We had a great discussion about the book, how it made each of us feel, what it made us want to do, and provoked some interesting reflections. There were many points that came up that really made me think differently about what I’d read and how I live. In particular, we had a beautiful discussion about what it means to be a homeowner on stolen lands and how that relates to the concept of stewardship. I felt challenged by our discussion to think about my own little patch of land in Tiohti:áke / Mooniyang / Montreal, and how I manage my household. My relationship with our plot has changed now that I identify more as a steward than a property owner. Since then I’ve found myself pulling out the weeds with the loving care of a mother, asking the radish their permission before I pull them out the ground, and taking pride in discussing with others the differences between my very English looking vegetable patch and the three sisters garden I wish I was growing.
As a recent immigrant to Turtle Island, sometimes I feel incredibly ignorant in discussions about the history of so-called Canada, Indigenous Rights and Reconciliation. This book was helpful as a grounding in Indigenous knowledge, science and relationships with more than human animals. More than that though, the chance to discuss it in a supportive community helped me deepen my understanding of the work, and with that, its impact on me.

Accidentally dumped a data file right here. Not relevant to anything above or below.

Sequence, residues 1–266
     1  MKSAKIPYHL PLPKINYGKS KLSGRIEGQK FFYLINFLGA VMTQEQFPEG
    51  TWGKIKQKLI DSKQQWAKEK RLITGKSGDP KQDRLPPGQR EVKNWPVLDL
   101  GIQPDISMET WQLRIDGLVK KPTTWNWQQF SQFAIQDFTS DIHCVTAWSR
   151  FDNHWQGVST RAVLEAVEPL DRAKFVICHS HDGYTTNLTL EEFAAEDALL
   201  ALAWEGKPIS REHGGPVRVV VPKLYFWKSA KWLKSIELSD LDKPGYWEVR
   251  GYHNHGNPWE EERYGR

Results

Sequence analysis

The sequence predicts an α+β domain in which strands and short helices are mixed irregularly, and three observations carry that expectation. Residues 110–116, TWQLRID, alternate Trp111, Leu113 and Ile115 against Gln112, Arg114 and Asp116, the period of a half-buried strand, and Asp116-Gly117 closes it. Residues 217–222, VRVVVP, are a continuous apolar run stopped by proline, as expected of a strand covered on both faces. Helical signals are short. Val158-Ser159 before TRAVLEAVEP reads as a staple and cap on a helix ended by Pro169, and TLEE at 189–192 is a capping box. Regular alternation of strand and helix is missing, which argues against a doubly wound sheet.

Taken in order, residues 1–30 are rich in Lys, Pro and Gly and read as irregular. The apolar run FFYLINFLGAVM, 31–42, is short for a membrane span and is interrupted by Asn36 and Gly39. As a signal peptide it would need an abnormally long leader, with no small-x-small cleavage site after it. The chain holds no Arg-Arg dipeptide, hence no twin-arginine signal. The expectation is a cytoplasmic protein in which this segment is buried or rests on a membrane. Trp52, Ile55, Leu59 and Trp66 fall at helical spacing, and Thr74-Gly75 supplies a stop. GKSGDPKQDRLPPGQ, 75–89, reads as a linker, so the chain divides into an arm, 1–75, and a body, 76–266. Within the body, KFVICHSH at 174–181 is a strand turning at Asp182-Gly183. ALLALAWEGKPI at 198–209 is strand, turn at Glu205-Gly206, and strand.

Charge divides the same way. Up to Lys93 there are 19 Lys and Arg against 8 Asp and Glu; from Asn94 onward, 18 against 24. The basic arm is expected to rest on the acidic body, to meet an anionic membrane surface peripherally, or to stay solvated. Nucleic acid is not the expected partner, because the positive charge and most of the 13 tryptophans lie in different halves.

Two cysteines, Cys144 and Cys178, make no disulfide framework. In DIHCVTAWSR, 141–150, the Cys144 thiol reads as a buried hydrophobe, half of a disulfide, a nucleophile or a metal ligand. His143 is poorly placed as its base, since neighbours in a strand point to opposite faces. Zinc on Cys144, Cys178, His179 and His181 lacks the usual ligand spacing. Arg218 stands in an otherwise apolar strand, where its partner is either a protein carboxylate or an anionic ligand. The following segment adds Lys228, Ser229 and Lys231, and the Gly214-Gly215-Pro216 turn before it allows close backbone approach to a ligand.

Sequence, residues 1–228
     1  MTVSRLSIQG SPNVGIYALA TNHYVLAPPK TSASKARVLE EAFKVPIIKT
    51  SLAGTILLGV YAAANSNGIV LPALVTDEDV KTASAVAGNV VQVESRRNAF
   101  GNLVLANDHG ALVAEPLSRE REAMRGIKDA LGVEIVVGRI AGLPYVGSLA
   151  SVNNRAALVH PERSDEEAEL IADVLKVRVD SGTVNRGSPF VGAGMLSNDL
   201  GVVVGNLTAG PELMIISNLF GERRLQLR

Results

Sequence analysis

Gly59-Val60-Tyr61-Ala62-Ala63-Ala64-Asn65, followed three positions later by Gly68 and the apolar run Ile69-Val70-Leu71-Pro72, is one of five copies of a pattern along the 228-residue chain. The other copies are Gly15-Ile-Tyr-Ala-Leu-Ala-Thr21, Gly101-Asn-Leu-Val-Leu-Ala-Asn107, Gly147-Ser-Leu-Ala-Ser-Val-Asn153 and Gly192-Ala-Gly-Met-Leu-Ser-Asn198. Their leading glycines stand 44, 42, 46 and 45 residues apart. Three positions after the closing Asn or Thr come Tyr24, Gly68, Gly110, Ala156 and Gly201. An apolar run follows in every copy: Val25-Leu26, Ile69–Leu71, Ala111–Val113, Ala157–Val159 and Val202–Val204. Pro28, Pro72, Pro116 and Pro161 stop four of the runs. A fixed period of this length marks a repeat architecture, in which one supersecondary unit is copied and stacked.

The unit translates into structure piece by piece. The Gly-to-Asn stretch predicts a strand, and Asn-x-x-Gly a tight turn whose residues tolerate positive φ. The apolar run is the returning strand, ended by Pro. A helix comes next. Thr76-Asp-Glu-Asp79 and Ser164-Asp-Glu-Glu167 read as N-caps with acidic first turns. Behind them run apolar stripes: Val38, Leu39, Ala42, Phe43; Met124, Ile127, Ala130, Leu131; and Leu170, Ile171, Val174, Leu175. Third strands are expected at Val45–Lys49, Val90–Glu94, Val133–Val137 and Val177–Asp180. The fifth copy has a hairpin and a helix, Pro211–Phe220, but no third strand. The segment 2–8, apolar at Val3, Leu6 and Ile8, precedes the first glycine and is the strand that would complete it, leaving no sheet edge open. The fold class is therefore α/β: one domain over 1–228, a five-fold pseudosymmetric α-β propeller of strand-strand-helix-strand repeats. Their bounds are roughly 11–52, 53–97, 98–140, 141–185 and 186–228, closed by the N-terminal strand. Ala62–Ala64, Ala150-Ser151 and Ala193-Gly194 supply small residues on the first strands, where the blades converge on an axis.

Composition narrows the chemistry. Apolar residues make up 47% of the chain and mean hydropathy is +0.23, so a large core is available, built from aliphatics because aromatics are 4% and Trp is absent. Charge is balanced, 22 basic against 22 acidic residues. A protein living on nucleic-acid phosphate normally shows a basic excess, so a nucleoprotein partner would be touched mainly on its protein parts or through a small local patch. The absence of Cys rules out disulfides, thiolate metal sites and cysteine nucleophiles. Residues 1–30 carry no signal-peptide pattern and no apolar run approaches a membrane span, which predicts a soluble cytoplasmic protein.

Thanks to everyone that took part in the event and sharing your insights below. I can’t wait to get together again for our next book club!
Insights shared by participants:
- PEOPLE CAN BE GOOD FOR THE EARTH!
- It’s so important to slow down to watch and regard the world and all its wonders; our kids are key facilitators for us to practice this.
- It’s such a gift to have a reciprocal relationship with the Earth.
- We talked a lot about the concepts of relationship, reciprocity, co-existence, stewardship and the impacts of colonization - both in the world and on our families. Viewing our relationship to the planet differently inspires all sorts of changes to our ways of living and being.
- We need to create time and space for feelings, realizations and reflections to emerge. We don’t need to be addicted to busyness.
- If we viewed the land as a gift and not property, ownership would become stewardship.
- Kimmerer is an amazing model for how to practice of co-existence - both with the living world and within different systems/worldviews.
- We can all practice co-existence, patience, thankfulness for all living beings
- Sometimes sharing stories over and over again can feel repetitive, but it’s an important spiral of learning; each time an opportunity to learn something new from the story.
- Parents bring important hope, patience and multigenerational thinking to the climate movement.
Sarah is a mother to two young kiddos and a researcher based in Tiotia:ke, the island known as Montreal.